Sometimes too much time on your hands can turn into an interesting display of materials that were going to end up as trash.
Let me back up a bit. This "General Lee" charger plastic model kit was something I built back before I even had a licence to drive. This was one of the early kits where MPC re-purposed their Charger 500 1/25th scale molds, threw in a roll bar and decal kit and created a General Lee. Purists (including me) will note that the Charger 500 is very incorrect for a General Lee clone, most notably the rear window, the standard Charger has a recessed tunneled rear glass versus the Charger 500 with its more aerodynamic flush mount glass. But hey, it was the only kit available at the time if you wanted to build your own General Lee. So anyway at the age of 14 (?? can't exactly remember) I built this and did a "just ok" job, not terrible, I did do some detailing, but not exceptional.
Fast forward to the present. In an instance with I was back at my folks going through old stuff boxed up from my childhood, high school and college days, I ran across a box with the handful of models I had built. Included in this box was this General Lee. The years of improper storage had not been kind, as always 20+ years of age the glue was coming apart so pieces were falling off all the cars. Then to add insult to this, the cat (I love this cat) nuzzled up to the box (as cats do) and pushed it off the table and well you can guess that outcome.
Even if that box had not fallen on the floor this model probably would have just ended up in the trash anyways, I mean its not worth anything monetarily and it is not a priceless heirloom that I ever intended to pass along to my kid(s). So while walking to the garbage can I got to thinking, "All the pieces are here, I should do something with it" Well this is what I did.
My inspiration was some still shots of those few seconds the editors left into the show when the front end would just start to crumple from the impact just before the cut to the studio car and the Duke boys pretending to bounce around in their seats. The General seemed to most often to land nose first and with some sort of gangsta lean. That moment of impact was what I chose to replicate in diorama form. My wife just rolled her eyes...
This is one Outa'-sight mini bike! Did you know I built a mini bike of my own inspired by this 1/8th scale model?
Raked out front wheel... padded seat... hi-rise sissy bar... this mean li'l chopper's go it all!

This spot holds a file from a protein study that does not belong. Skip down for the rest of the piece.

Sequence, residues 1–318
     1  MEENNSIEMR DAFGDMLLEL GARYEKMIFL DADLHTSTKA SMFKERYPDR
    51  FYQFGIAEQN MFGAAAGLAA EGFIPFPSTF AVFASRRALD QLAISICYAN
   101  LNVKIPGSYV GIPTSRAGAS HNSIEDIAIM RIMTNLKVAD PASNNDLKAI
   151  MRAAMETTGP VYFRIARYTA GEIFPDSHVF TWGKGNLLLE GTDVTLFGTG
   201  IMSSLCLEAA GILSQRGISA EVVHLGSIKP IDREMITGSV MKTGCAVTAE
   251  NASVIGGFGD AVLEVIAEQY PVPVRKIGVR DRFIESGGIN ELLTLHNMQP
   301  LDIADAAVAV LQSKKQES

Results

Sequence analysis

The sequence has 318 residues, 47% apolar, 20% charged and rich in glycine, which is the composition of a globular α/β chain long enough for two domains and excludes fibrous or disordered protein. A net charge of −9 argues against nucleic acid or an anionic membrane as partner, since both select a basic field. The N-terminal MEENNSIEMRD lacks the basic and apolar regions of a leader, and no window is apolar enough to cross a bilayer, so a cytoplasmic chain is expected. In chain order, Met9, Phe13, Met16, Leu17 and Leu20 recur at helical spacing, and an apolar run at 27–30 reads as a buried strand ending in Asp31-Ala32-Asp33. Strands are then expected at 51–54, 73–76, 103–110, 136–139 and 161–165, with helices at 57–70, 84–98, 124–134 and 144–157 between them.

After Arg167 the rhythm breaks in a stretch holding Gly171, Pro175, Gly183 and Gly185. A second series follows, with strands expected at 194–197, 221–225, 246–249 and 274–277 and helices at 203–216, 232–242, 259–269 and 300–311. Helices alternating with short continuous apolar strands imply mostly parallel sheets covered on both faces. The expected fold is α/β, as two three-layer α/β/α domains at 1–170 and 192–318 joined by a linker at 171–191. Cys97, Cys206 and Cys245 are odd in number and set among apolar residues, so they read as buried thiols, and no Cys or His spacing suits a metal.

Dig the super-real detail in that gleaming chrome engine with its chain drive.
Knobby, deep-tread tires add to the realism.
And don't forget... this model is 1/8 the actual size of a real mini bike!
A Tom Daniel design
I built the original plastic model when they re-released it in 1997 and then built my own mini bike in high school shop class inspired by this plastic model. I still have my creation and some day I would like to try again and replicate the model more closely. You will have to remember that I didn't have the skills or more importantly the money for expensive materials. This was all built with scrap and a few mail order parts. Most notably the Comet torque-a-verter for the drive system. The color I painted was left over when I painted my first car so it would match. Same with the crushed velvet material for the seat and headrest, I upholstered them myself on to some left over MDF and high density foam. Click to enlarge the photos.
With a new tire desperately needed on the rear of the KX, I choose a somewhat unconventional tire. Also when you have the rear wheel off it is always a good idea to lubricate and apply some anti-seize to the chain adjuster bolts. They have a nasty habit of corroding and sticking in there if they sit too long.
I love my 18 inch trials tires on my other bikes including my Gas Gas trials bike. We will see how I like this 19 inch tire from Shinko. Its a bit lower profile and not quite as soft, but still feels sticky. I will have to play with the pressures to find the sweet spot. Thinking about starting with 12 psi
If you want some tips and tricks on changing a motorcycle tire see my complete video on the subject. Link below.
It may seem like some new car manufacturers have taken the Briggs and Stratton approach to maintenance marketing. Briggs and Stratton have recently touted a no more oil change EXi engine the catch is owners need to be even more vigilant about checking and topping up the oil as well as changing the air filter more frequently. As a DYI garage mechanic myself I see trouble a brewing. Most seasoned small engine repair shops will tell you most people never check the oil and air filter let alone change them. Seems Consumer Reports did a story on this, but I question their bias sometimes as I think some manufacturers bought them off so their names would not get published.
Here are my real thoughts on how things might go down when those customer relations, marketing research people get together with the engineers that design the car engines. Colorful adjectives added for comedic relief.
Customer "Waaaahhh, I want better gas mileage and performance,"
Engineer "Ok, but there are tradeoffs, a smaller turbo motor will have to work harder, lighter weight oil and low tension rings might mean a little more oil consumption, so with longer oil change intervals, you might need to check the level and add a quart occasionally."
Customer "Waaaaaahh, my engine burns oil."
Marketing geniuses "Let's remove the oil level sensor to save money and so the customer won't know he's a couple of quarts low."
Customer "Waaaahhh, my engine blew up because I didn't change the oil for 15k miles and never checked the level" Lawyers "Call the whaaambulance, someone's feelings got hurt."
The pussification of automobile drivers have caused this.
Jon "the junk man" helping to promote responsible riding and recreation whether it be at the track or at the trail. Your source for motorcycle how to videos and much more!